Pakistan army to deploy 371,388 troops for July 25 elections

Pakistan's military announced on Tuesday that it would deploy more than 371,000 members of the country's security forces to polling stations to ensure free, fair and transparent national elections on July 25.

That is more than five times the number of troops deployed during the last elections in 2013, when the security situation across the country was much worse.

The army spokesman, Maj. Gen. Asif Ghafoor, said the request for 371,388 troops — nearly a third of the total armed forces — came from the country's elections oversight body to ensure order during the vote.

He said the troops would provide security at 85,000 polling stations and carry out other elections-related duties. As many as 134,894 of the troops have been called up from retirement since serving members could not have been spared in such huge numbers, Ghafoor said.

Ghafoor told reporters the military would not be directly involved in the voting and insisted it neither backed nor opposed any political party or politician.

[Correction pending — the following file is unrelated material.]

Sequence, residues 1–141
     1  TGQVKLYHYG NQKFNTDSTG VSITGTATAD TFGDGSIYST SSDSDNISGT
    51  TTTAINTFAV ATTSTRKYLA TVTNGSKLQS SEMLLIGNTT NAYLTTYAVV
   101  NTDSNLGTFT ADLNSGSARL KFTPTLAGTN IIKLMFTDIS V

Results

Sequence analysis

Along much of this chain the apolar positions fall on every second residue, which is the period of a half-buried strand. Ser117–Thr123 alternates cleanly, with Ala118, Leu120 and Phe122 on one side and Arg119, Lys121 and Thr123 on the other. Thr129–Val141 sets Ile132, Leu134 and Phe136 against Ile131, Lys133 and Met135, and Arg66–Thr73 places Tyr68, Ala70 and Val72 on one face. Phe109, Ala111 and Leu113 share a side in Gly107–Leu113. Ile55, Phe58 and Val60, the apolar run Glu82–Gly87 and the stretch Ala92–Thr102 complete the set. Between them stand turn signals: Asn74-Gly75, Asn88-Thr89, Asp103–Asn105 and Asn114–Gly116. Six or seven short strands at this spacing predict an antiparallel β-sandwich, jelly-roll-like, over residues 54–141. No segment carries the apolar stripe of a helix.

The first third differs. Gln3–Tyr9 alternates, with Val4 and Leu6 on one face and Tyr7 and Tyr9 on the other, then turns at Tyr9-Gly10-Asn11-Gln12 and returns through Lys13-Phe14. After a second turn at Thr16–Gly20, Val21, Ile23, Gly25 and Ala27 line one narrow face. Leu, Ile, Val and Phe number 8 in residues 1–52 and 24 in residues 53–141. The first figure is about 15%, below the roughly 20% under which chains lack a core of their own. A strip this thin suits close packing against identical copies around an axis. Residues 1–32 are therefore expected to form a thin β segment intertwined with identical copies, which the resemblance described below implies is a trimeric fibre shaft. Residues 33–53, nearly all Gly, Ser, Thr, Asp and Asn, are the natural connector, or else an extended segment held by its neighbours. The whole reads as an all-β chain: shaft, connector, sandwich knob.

"People should vote for the candidate of their choice, without any fear," he added. "Our loyalty is only with Pakistan."

The army and its intelligence agency have been accused by international and Pakistani advocacy groups of intimidating media outlets in an attempt to stifle criticism of the military, accused by some of seeking to play a dominant role in the country's politics.

The military has ruled Pakistan directly and indirectly for most of its 71-year history.

Ghafoor's also dismissed allegations raised on Tuesday by former Prime Minister Nawaz Sharif, who accused the Pakistani spy agency of pressuring one of his ruling party's candidates to change political loyalties. Sharif was ousted from office by the country's Supreme Court last July and was sentenced last week to 10 years in prison on corruption charges. He plans to appeal the sentence.

Previously, the military removed Sharif from office in 1999, when Gen. Pervez Musharraf seized power in a bloodless coup. Musharraf was later forced to resign in 2008, when former President Asif Ali Zardari came into power.

Analysts say Pakistan will likely have a coalition government after the elections, as no single political party is expected to get a two-thirds majority in parliament. Any party that gets a simple majority can form the government.